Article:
Posted on : 06-12-2009 | By : Cindy | In : Maori kai, My idiot-proof recipes, Traditions
Here’s my question: Is it possible to make a wholemeal version of rewena paraoa (potato bread) that looks and tastes good? For the past month I have been experimenting. Rewena comes from the Maori word for potato – rewa, and paraoa means bread in Maori. Before Europeans arrived in New Zealand there was no potato, flour or sugar. Kumara, a type of sweet potato, was one of the main carbohydrate or energy sources for Maori. But this tropical plant was hard work to grow in New Zealand’s cool climate. Potatoes are different. Just throw them in the ground and they pretty much grow anywhere – my type of plant. So it was no wonder the potato soon took over from kumara as the staple food.
I figure the rewena recipe developed as most recipes do – by using the ingredients at hand – in this case potatoes, white flour, sugar and salt. I’d love to know how it started. Perhaps someone accidentally left a pot of boiled potatoes sitting in the sun for a couple of days and noticed that it had fermented. It wouldn’t have looked too great but maybe they recognised the yeasty smell and decided it could be made into bread. If anyone knows the true history, please let me know.
There’s just one problem with this delicious traditional sour-dough bread. It’s made with white flour and is usually eaten slathered with butter or jam. I love it with honey. Wouldn’t it be great, I thought, if I could use the traditional yeast-free fermenting technique to make a healthier type of rewena. I have been making small loaves so I don’t waste ingredients if it fails. I’ve tried using kumara instead of potato. I prefer potato although most people wouldn’t notice much difference.
First I chop a potato into small pieces, so it cooks quicker, and boil it in about two cups of unsalted water. I tried one cup like some of the recipes say but it almost boiled dry. I’ve been using red potatoes lately but will try other varieties to see which works best. I still haven’t figured out whether it’s better to use a waxy variety (high moisture, low starch) or a floury variety.
Next I mash the potato and when it’s cooled a little I add a teaspoon of sugar and about 1/2 cup of flour. Lots of the recipes add more flour to make a thick paste but I prefer a mixture more like pikelet batter. Place in a bowl or large jar, cover and put in a warm place. I can’t use the hot water cupboard so just sit it in a sunny spot. It takes 24-48 hours to start bubbling. We’ve had a few lovely humid days lately which has been great for speeding up the process. It should smell sort of sweet/sour/yeasty.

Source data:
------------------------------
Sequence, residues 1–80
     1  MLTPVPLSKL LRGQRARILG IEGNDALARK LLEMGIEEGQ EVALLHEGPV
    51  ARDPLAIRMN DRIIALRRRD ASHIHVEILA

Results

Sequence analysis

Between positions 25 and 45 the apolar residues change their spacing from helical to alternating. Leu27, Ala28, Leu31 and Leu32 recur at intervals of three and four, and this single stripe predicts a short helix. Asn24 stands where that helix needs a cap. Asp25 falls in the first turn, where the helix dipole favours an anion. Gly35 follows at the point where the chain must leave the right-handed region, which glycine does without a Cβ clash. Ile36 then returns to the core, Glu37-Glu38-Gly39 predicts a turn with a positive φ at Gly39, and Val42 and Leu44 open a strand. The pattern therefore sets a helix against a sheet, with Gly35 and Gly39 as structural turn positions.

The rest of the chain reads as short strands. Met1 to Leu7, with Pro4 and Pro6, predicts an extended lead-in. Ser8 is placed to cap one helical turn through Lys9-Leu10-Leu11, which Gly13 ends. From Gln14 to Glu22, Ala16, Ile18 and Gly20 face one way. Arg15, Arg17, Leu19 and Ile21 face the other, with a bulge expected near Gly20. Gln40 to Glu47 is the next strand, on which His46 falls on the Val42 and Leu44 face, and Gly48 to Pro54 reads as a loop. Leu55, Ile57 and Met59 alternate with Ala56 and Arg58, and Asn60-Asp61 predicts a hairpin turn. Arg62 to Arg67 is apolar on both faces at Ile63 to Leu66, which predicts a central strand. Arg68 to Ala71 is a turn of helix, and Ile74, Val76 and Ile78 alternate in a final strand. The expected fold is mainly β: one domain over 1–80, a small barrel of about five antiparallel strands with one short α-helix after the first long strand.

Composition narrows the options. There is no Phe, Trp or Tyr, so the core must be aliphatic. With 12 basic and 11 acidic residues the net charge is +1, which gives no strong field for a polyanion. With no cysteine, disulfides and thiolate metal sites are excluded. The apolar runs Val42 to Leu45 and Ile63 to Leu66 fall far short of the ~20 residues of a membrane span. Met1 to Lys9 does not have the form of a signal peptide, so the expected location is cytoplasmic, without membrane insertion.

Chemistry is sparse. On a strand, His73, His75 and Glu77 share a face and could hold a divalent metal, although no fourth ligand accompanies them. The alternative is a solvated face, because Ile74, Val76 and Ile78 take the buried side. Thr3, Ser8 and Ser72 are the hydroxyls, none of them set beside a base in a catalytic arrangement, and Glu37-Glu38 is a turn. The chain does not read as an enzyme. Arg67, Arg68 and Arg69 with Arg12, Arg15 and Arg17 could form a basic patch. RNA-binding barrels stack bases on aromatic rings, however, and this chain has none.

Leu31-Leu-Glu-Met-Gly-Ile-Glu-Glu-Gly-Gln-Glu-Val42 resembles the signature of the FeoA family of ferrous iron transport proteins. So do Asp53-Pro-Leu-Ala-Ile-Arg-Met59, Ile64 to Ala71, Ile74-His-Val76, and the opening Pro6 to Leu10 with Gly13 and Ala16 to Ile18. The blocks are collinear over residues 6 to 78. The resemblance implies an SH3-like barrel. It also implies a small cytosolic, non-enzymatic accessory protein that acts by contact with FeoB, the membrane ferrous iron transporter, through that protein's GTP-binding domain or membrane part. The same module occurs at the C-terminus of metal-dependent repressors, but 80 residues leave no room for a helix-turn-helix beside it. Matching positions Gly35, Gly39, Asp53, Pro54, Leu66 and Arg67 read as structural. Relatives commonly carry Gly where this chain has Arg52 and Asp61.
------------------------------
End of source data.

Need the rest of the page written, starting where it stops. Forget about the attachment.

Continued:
Next I put one cup of white flour and two cups of wholemeal in a bowl, add 1/2 teaspoon of salt and tip in the ‘bug’. The traditional way is to keep about a tablespoon of the ‘bug’ and add either a teaspoon of sugar or some potato water on alternate days. I haven’t bothered to do this for two reasons. I don’t think any of my ‘bugs’ are good enough to keep and I don’t want to boil potatoes every second day. For families who eat potatoes most days, as they would have done in the past, it’s no problem to tip the leftover potato water into the ‘bug’ jar to feed it.
Most recipes use one teaspoon of salt but I deliberately halved it to make it healthier – and to help it rise as salt tends to inhibit rising. I tried adding a tablespoon of honey to one batch but couldn’t taste much difference. For my next trial, I’m planning to add some dried fruit and chopped walnuts.
Knead the dough for 10 minutes, adding more water if needed. Place in a greased bowl, cover and let rise in a warm place until doubled. Mine doesn’t always double! Pat into a loaf shape, place on baking paper on a tray and bake at 180C (350F)for about 45 minutes or until it sounds hollow when tapped on the base. If the dough hasn’t risen as much as I think it should, I put it in the oven as soon as I turn it on so it gets a final heat burst during cooking.
I’m the first to admit I am no expert bread maker but the family do gobble up this wholemeal version of rewena so I must be doing something right. Give it a go. I’d love to hear your stories and suggestions.